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All about challenges of Eruwa water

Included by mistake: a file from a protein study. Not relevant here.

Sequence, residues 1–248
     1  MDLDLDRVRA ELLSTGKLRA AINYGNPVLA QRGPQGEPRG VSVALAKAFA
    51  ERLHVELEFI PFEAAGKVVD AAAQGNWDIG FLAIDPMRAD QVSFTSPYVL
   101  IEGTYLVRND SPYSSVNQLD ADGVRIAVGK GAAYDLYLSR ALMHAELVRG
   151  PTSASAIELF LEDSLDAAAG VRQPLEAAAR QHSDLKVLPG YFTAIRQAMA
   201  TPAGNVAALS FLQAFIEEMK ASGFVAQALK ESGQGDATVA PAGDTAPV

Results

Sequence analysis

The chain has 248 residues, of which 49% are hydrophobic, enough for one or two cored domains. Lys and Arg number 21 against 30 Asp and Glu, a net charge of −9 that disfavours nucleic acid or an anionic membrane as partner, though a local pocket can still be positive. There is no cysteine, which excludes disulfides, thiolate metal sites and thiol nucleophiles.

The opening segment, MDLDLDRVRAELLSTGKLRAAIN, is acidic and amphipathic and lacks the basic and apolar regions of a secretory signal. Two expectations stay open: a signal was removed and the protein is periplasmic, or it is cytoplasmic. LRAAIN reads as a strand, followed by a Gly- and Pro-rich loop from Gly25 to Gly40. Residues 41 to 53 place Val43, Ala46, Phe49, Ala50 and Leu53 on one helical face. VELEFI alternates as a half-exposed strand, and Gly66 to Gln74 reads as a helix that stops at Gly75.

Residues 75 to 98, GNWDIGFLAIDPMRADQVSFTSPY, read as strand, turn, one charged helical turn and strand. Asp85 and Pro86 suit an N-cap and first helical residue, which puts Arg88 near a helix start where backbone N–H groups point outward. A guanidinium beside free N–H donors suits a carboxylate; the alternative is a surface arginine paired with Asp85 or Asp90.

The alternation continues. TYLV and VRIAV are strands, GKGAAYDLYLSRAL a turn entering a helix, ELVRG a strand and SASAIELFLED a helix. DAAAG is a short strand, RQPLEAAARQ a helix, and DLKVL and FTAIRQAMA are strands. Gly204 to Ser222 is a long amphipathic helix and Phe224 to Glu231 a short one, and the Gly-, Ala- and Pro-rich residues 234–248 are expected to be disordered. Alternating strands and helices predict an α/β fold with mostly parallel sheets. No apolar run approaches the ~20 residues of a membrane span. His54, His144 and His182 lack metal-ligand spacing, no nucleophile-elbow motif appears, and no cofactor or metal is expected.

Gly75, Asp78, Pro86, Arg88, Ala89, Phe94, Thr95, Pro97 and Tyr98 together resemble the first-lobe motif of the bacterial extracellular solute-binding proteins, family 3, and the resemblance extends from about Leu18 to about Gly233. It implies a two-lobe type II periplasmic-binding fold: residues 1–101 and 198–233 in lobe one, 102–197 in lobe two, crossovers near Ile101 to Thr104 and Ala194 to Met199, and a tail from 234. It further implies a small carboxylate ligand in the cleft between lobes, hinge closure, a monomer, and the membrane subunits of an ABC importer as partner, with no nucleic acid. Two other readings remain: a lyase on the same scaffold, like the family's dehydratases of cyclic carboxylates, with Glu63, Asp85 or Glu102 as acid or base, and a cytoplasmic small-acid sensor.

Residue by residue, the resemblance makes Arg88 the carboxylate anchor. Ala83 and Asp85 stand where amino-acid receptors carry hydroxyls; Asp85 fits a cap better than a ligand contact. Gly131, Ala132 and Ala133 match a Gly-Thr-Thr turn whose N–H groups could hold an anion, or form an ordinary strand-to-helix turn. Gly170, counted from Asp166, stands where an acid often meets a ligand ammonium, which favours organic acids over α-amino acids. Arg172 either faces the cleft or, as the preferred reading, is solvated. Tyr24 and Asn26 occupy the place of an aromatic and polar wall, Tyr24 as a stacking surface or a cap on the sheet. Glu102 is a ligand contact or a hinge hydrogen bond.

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  1 CHAPTER ONE 1.1 INTRODUCTION Water is a precious natural resource, vital for life, development and the environment. It can be a matter of life and death, depending on how it occurs and how it is managed. When it is too much or too little, it can bring destruction, misery or death. Irrespective of how it occurs, if  properly managed, it can be an instrument for economic survival and growth. It can be an instrument for poverty alleviation lifting people out of the degradation of having to live without access to safe water and sanitation, while at the same time bringing prosperity to all (UN-WATER/AFRICA, 2004). However, when it is inadequate in either quantity or quality, it can be a limiting factor in poverty alleviation and economic recovery, resulting in poor health and low  productivity, food insecurity and constrained economic development. The interdependence between water availability and development is exemplified by the link between water and poverty. Due to poverty, access to adequate water and sanitation is low in Africa. As a result of inadequate access to safe water and sanitation, there is a high incidence of communicable diseases that reduce vitality and economic productivity on the continent. Inadequate access to water and sanitation is thus both a cause and a consequence of poverty. Similarly, inadequate water resources can become a constraint to improved agricultural development and food security. Systematic development of water supply and management in  Nigeria dates back to the colonial times. The colonial administration developed domestic water supply as part of overall programme to improve the level of personal hygiene and environmental sanitation throughout the country, and thereby the health of the people. Unfortunately, as noted  by Oyebande (1977), the priority accorded domestic water supply by the colonial administration had not been sustained by post-independence governments of the country. For example, between 1946 and 1960 the average percentage of the total government expenditure on water was 11.4%, whereas between 1962 and 1975, it decreased to 4.5%. Although there was a steady increase in the percentage of the total government expenditure spent on water between 1975 and 1992,  between 1992 and 1996, there was a 50% decrease in the total budgetary allocation for water supply (Areola and Akintola, 1997; Falusi and Gbadegesin, 1998).  2 The implication of this is that between 1992 and 1996, the total water supply for industrial, agricultural and domestic use increased at a rate of about 1.0% whereas population growth rate was 2.84% (NPC, 1991). Apart from the relatively low level of financial commitment to water supply development in general, successive governments in the country also laid emphasis on urban water supply while rural areas are almost completely neglected. The federal government, through the River Basin Development Authorities (RBDAs) the first of which was established in 1976 and the Directorate of Food, Roads and Rural Infrastructure (DFRRI) which was put in place in 1986 attempted to address the problem of rural water supply in the country. Through the two strategies, a large number of boreholes with manual and powered  pumps were sunk in various parts of the country. Pipe borne water was also extended to some rural areas, through the state water corporations, but this option was hardly used because of the high cost of laying pipes to rural communities which are generally separated by large distances (NEST, 1991; Akintola, et. al., 1980). Regrettably, these efforts did not last up to a decade. Many of the rural communities that were served with boreholes were unable to derive maximum benefits from them. Some of the problems identified include lack of public  participation in the management of the boreholes, technological problems, ignorance of the  people, and corruption (NEST, 1991). This has led to the cancellation of the DFRRI while the focus of the RBDAs has now been limited to the provision of water for agricultural purposes (Falusi and Gbadegesin, 1998). After almost sixty years of water supply development in Nigeria, it is regrettable that only 60% of the population has access to safe drinking water, and in rural areas less than 50% of the households have access to good portable water (National Millennium Development Goals Report, 2005). Rural people in the country still depend very much on rivers, streams, ponds, and shallow wells for their water needs. During the dry season, some of these sources dry up and households have to invest a substantial amount of their resources to get water of doubtful quality. This has very serious implications for the economic development and social welfare of the people specifically and the country as a whole. First, there is the tremendous economic waste involved in people spending so much time and effort in search of water. Secondly, lack of water often means relatively low levels of personal hygiene and environmental sanitation. Thirdly, because water is needed for most productive activities, inadequate access to water limits the livelihood options of the people, particularly in rural areas (IDRC, 2002).  3 In recognition of the poor state of water management in the country and its implication for socioeconomic development and environmental sustainability, the new democratically elected government prepared the first national policy on water resources development in year 2000. One of the objectives of the policy is to provide good portable water for the rural population at an affordable price. However, to achieve this objective, there is need to better understand the constraints and challenges of rural water supply. Apart from addressing the issues of  participatory governance, cost recovery and appropriate technology, there is also a need to take into consideration the values, attitude, preferences and capacities of the different stakeholders in the supply and management of water in rural areas. Generally, human-water relations date back many generations, hence in many traditional societies, people have developed cultural values, attitudes and norms of behaviour in relation to water use. 1.2 STATEMENT OF THE RESEARCH PROBLEM Human welfare and economic development generally depend on the use of water. In  Nigeria, water resources management and utilization is crucial to the country’s efforts to redu ce  poverty, grow the economy, ensure food security and maintain the ecological systems.  Nevertheless, the issue of water resources management in the country focuses mainly on water supply and it receives only minimal attention by government. This approach may be attributed  partly to the disjointed sectoral approach to development planning in the country and the idea that water is a public good. It may also be partly attributed to the fact that the international development community have not given due attention to water resources until very recently. Falkenmark (1988) for example, criticized the highly acclaimed Brundtland report (WCED, 1987) for its failure to adequately address the issue of the role of water in sustainable development. Similarly, Toth (1996) noted that water has received relatively modest attention in debates about global environmental change and sustainable development as at the mid-1990s. Bamidele,( 2002) observed that this problem arises as a result of urbanization and negligence on the part of the the government to provide potable water supply to the rapidly growing population. In spite of the continuous global campaign by the world health organization (WHO) on the importance on provision of water in adequate quality and quantity to all nations, the problems of water continue to be persistent. ERUWA town in Oyo State is not an exception from the above situation, majority of the people in the area fetch water from unhygienic sources which are dangerous to human health. Some of the sources of water provided by the authority of  4 the local government are grossly inadequate and are not well maintained. Thus only small  percentage of the whole population that has access to bore-hole and pipe borne water supply. The new emphasis on water resources management in Africa is coming with a shift in the  principle and approach to the management of water resources. It is now recognized that water is a commodity of strategic importance because of increasing demands and rising costs, coupled with diminishing supplies (Sharma et. al., 1996). Furthermore, it is recognized that it is no longer feasible in a long-term, cost-effective and environment friendly manner, to increase water supply  by building additional dams and conveyance systems, sinking new wells, constructing desalinization plants, etc. In addition, it is now recognized that solutions must be found at the user-end of the pipe, that is, improving water use productivity, reducing conveyance losses, reusing water and optimizing allocation (Sanstrom,1997). The underlying principle is that water is a scarce good with dimensions of economic efficiency, social equity and environmental sustainability. Therefore, it has both public and private characteristics, and hence there is an important role for public and private participation in efficient management and development of water, particularly communities that use water (Sharma et al., 1996; Karikari, 1996). The new principle and approach to water resource management has many far reaching implications for policy design and institutional building as well as policy implementation. For example, the change in principle may be regarded as a basic ideological shift. Generally, such ideological shift cannot be imposed on people since it depends on cultural belief and world view of the people (Wildavsky et al.,1994). Consequently, there is need to have a better understanding of the values and ideological preferences of policy makers, bureaucrats and the general public. Secondly, a change from supply management approach to demand management approach requires a change in the manpower and institutional requirements for water resources management. While supply management approach with emphasis on building and construction of dams, boreholes, conveyance systems, etc, require predominantly engineering skills, the new emphasis on demand management with public and private sector participation will require expertise in social systems in addition to engineering skills. Lastly, the new integrated approach requires greater knowledge and understanding of the technological, social, economic and ecological dimensions of water resource management and how they are inter-related. Developing the capacity to engage in integrated sustainable development planning from the community level to the highest national decision-making level, remains a major challenge in  Nigeria and many other African countries. Sharma et al (1996) for example noted that in sub-  5 Sahara Africa as a whole, the following institutional capacity problems are rampant: (i) people are unaware that water is a finite resource with supply constraints, that it has a scarcity value, and that there is a cost to using it; (ii) lack of understanding of the consequences of deforestation and land degradation on the quantity and quality of water; (iii) inadequate capacity building and neglect of traditional knowledge bases as well as gender issues; (iv) management of water resources is highly fragmented among sectors and institutions and there is excessive reliance on  public sector services; and (v) weak institutional and implementation capacities. The implication of the foregoing is that if the new emphasis on water resources management in Africa and Nigeria in particular is to achieve meaningful results, there is the need to have a better understanding of the institutional capacity both in terms of skilled personnel and the available knowledge and understanding of the socio-economic, technological and ecological issues and problems that are involved ( NiyiGbadegesin 2007). 1.3 AIM AND OBJECTIVES 1.3.1 AIM The aim of this project is to analyze the various ways at which water is supplied. Its problem &  prospect with view to suggesting measures to the problem in the study area.. 1.3.2OBJECTIVES The aim above will be pursued through the following objectives.    Examine the socio-economic characteristic of respondents in the study area.    Investigate the sources of water available to the residents.    Examine the problem associated with the supply of water in the study area.    Make relevant suggestions towards solving the problems of water supply encountered by the inhabitants in the study area with emphasis on the ward chosen. 1.4 HYPOTHESIS Ho- there is no variation in the water supply among the wards in the study area.